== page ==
Living With Jesus’ Temptations

Every year, the first Sunday of Lent has us reflect on Jesus’ testing in the desert. In two of the three years, the Gospel narrates the three temptations presented by the devil. We have been over this terrain many times, but since we struggle with temptation and fall, each year we need to see what insight we might get from the way Jesus dealt with the three temptations. With the help of Luke’s ordering of the temptations, it is easier, compared with Matthew, to see the first two temptations as focused primarily on our relationship with the material world while the third is focused on our relationship with God.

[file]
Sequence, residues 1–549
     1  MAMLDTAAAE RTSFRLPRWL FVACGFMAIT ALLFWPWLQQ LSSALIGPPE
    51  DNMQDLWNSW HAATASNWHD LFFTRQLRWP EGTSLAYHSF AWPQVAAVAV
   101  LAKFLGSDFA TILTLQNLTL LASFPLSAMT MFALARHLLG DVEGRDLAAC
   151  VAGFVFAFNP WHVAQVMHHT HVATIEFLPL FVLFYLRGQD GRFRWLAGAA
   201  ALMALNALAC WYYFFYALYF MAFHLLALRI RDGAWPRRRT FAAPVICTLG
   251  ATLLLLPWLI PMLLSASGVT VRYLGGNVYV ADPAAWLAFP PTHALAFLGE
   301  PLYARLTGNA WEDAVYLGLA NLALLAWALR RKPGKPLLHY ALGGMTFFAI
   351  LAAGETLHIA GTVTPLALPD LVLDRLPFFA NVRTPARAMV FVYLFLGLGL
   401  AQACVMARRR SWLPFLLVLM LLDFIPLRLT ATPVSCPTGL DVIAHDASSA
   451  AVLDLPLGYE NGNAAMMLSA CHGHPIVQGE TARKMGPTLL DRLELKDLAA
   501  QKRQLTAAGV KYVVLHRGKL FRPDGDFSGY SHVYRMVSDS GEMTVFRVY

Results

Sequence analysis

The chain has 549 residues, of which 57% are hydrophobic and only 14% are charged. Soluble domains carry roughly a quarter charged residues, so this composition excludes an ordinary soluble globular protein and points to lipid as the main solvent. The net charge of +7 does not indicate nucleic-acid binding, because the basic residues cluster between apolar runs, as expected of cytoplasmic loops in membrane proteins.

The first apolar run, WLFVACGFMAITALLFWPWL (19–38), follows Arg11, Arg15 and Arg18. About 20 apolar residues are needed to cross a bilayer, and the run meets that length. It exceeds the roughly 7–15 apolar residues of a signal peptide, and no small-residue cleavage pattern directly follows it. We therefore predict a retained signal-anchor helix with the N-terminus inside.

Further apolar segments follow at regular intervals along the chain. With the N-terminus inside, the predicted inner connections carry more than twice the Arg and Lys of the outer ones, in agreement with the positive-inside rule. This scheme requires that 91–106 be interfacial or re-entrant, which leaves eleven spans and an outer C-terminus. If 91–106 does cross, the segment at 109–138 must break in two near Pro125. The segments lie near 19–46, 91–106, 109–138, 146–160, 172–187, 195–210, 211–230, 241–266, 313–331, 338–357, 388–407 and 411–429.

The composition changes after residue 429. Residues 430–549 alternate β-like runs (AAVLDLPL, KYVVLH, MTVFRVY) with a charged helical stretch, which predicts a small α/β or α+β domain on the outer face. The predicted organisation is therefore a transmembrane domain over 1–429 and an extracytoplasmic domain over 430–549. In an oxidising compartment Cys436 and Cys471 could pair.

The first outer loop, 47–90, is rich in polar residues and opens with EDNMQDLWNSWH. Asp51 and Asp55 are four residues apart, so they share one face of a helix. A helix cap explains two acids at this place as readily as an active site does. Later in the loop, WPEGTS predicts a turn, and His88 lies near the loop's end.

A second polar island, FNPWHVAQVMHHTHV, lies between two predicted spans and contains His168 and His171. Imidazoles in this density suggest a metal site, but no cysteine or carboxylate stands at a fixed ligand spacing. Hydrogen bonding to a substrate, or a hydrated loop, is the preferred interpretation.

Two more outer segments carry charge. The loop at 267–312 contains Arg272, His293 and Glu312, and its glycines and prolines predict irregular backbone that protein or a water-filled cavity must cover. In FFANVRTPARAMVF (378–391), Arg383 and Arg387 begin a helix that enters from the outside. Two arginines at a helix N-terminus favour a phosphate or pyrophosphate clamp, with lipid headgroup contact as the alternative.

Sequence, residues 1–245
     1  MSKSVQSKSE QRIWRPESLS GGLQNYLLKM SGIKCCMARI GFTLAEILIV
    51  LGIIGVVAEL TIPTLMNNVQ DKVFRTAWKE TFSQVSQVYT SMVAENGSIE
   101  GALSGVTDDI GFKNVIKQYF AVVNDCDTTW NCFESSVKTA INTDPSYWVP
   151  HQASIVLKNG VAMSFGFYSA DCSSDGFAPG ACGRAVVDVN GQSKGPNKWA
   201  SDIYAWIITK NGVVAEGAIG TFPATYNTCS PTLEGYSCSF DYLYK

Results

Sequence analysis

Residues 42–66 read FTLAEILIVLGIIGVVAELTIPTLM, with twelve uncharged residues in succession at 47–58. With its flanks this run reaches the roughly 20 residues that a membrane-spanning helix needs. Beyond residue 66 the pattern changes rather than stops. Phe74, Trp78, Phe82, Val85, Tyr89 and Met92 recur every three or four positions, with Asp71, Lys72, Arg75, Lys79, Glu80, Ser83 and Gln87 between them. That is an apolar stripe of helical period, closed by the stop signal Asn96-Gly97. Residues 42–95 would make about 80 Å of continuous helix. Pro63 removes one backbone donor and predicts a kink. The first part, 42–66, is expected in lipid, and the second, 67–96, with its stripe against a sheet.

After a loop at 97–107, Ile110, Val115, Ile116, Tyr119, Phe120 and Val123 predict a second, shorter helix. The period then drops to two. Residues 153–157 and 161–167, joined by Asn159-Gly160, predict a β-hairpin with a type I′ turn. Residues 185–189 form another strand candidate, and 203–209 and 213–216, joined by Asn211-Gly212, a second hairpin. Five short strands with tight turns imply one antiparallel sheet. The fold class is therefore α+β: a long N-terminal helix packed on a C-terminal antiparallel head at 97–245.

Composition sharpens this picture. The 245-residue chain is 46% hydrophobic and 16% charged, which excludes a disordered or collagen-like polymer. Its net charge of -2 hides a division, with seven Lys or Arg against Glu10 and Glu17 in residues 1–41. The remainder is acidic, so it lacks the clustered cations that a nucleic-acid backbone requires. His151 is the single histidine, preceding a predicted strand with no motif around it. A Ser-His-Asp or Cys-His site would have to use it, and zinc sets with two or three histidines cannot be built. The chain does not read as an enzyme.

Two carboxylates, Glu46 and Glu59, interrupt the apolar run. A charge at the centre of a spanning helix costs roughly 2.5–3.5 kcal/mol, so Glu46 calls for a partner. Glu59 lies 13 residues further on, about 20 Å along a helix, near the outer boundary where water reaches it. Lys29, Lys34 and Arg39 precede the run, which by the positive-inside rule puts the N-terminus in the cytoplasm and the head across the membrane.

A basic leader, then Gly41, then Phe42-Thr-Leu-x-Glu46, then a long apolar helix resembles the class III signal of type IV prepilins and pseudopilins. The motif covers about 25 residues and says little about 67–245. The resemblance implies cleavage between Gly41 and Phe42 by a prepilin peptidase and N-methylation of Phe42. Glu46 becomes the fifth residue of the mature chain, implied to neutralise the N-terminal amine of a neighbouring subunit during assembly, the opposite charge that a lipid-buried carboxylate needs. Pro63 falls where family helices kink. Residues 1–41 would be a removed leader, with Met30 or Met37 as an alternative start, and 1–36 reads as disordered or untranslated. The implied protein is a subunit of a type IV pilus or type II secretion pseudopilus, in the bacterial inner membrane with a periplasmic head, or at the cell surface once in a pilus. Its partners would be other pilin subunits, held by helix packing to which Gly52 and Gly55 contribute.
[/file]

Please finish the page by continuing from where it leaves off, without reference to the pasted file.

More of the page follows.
This year, I realized that in the first temptation, it is the devil who offered the stones as raw material for bread. This ties into the second temptation where the devil claims that the kingdoms of this world are his to give. If the devil believes he owns the kingdoms, it is small wonder he thinks he owns the stones in the desert. So who gave the stones and the kingdoms to the devil? God? Hardly, as Jesus makes clear in his reply. The only other possibility is that humans have given the kingdoms and stones to the devil. What does that say about us? I can’t help but think of Jesus’ rhetorical question: “Is there anyone among you who, if your child asks for bread, will give a stone?” (Mt. 7: 9) But when we think of all the carbs, fat, sugar, and other junk that goes into so much food these days, aren’t we practically feeding each other stones? This thought leads to the suggestion that in offering the kingdoms and their authority, the devil is offering mountains of stones that threaten to bury us. And with the overwhelming social injustices in our country, not least the racist system that entangles all of us, our social relationships consist of throwing stones at each other rather than offering each other wholesome bread.